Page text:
This report from Getting Smart and the Buck Institute for Education is the first in a three-part series examining how project-based learning can prepare students for success in the 21st century economy.
The brief from Advance CTE, part of the "Connecting the Classroom to Careers" series, highlights examples from West Virginia, Tennessee and Massachusetts that demonstrate either a systems-level or student-level approach to measuring work-based learning activities.
This policy brief from NASBE takes an introductory look at CTE policy across the states, highlighting opportunities in federal laws such as ESSA and Perkins, and providing examples of successful CTE programs in Kentucky, Tennessee and California.
In 2012, the Tennessee Department of Education began a three-phase process to revise and align CTE programs of study with industry and postsecondary opportunities and develop an assessment system to evaluate student mastery. This profile describes Tennessee's approach to standards revision.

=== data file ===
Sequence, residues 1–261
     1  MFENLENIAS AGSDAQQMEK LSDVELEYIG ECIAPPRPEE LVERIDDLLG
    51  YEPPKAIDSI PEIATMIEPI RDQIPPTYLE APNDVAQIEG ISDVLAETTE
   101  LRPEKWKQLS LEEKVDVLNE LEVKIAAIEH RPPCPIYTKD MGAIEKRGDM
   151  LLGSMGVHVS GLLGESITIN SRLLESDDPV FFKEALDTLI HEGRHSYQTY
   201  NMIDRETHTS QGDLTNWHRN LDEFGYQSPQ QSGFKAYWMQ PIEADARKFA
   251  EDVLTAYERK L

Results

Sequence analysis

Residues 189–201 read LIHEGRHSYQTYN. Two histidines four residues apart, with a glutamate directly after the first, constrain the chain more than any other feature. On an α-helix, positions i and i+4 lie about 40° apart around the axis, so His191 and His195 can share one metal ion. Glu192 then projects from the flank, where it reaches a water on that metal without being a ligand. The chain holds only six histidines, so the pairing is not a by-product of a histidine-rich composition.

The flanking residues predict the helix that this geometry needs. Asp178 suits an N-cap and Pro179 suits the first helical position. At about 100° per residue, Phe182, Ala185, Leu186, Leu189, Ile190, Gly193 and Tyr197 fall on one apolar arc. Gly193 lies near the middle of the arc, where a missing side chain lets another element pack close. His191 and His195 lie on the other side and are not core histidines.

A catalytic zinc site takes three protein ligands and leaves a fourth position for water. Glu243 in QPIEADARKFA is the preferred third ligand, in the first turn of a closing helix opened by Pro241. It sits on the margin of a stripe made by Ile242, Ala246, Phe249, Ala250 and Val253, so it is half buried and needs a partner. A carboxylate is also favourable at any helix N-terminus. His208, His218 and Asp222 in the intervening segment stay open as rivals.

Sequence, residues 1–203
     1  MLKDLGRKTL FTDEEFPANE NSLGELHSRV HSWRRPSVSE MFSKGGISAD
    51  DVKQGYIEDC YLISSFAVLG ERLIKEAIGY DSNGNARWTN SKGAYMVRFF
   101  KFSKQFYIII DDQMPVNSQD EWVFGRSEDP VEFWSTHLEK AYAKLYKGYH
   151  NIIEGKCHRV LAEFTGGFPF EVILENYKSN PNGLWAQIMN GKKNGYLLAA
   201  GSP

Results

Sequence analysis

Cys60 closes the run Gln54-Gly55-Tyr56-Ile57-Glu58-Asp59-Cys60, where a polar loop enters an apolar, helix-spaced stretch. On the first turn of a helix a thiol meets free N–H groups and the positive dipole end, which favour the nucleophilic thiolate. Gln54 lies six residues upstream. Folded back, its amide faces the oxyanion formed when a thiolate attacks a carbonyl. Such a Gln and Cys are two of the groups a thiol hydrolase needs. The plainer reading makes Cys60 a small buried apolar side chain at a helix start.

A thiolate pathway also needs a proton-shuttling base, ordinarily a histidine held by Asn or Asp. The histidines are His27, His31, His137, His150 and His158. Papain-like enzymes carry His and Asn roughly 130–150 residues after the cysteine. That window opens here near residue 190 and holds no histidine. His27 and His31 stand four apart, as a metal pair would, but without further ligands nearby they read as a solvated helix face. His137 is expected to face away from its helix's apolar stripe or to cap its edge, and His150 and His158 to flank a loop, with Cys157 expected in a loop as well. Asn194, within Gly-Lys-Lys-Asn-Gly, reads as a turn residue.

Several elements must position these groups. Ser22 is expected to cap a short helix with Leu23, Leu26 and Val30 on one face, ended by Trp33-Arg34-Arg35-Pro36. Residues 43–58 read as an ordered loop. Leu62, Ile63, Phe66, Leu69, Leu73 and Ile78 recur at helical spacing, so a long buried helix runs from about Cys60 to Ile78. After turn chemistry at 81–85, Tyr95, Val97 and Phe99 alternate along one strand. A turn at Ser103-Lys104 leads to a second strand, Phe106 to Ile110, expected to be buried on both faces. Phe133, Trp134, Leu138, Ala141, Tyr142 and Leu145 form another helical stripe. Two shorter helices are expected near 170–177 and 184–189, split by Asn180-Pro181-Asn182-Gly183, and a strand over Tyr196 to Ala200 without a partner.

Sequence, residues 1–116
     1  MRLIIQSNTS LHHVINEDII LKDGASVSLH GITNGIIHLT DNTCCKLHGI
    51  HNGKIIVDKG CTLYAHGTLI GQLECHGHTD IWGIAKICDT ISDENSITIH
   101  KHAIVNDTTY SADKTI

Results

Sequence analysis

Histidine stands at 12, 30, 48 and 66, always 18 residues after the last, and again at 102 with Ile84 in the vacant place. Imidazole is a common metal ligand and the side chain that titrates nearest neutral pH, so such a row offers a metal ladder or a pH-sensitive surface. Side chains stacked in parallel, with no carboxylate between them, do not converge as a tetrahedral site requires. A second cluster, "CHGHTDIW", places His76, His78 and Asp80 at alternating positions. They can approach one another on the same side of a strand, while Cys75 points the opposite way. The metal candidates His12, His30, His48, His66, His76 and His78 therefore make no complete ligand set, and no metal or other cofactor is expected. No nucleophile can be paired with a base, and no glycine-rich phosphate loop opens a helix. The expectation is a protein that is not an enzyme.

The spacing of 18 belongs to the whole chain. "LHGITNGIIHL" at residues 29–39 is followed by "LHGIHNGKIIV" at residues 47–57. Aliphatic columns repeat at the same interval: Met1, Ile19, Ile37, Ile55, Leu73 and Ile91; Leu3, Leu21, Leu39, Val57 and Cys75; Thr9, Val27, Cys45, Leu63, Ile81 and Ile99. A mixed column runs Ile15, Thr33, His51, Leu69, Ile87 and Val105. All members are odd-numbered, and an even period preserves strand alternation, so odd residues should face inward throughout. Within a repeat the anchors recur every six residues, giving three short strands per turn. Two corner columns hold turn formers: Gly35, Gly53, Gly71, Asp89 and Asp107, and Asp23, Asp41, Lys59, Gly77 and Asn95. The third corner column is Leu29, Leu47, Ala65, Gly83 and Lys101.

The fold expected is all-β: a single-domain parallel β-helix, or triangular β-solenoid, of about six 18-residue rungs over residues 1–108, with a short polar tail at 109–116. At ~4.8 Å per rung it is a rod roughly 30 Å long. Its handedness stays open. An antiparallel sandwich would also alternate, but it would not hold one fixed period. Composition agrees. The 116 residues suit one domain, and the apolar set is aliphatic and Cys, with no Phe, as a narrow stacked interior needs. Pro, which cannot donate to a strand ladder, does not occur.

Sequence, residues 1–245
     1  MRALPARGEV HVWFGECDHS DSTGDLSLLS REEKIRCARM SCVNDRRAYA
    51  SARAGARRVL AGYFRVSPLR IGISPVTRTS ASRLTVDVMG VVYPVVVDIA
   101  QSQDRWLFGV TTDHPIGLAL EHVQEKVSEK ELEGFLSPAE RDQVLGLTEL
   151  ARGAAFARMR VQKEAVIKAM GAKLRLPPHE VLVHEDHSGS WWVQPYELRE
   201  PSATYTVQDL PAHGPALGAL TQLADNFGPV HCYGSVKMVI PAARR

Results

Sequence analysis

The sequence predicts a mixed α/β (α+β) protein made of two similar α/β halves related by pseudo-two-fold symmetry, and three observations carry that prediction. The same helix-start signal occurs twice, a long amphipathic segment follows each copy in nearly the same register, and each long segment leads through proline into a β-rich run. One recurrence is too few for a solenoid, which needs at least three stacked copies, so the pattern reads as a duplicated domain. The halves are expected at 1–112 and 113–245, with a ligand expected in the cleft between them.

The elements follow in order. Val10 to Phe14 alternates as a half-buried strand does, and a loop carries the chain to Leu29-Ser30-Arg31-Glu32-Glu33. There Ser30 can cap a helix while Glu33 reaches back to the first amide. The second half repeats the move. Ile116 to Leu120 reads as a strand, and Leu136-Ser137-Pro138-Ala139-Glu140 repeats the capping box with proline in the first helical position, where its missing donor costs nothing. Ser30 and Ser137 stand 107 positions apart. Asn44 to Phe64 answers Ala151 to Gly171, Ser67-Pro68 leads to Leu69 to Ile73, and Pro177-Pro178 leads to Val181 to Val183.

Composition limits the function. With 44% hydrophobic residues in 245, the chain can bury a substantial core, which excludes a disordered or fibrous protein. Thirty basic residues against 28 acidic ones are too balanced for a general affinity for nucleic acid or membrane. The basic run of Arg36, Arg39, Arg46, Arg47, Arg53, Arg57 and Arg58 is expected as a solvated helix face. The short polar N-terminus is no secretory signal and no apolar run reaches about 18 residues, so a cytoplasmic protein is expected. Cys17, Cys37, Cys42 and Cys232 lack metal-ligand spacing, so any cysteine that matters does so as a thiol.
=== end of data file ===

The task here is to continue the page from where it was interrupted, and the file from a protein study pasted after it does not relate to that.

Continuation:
Tennessee Promise provides up to two free years of community college at any of the state’s 13 community colleges or 27 Colleges of Applied Technology in addition to learner supports and mentors that help high school students throughout the college application process.
This Advance CTE resource examines Tennessee's statewide vision for work-based learning and identifies best practices. It includes resources, lessons learned and key questions for consideration for other states to use as they set their own vision for work-based learning programs and policies.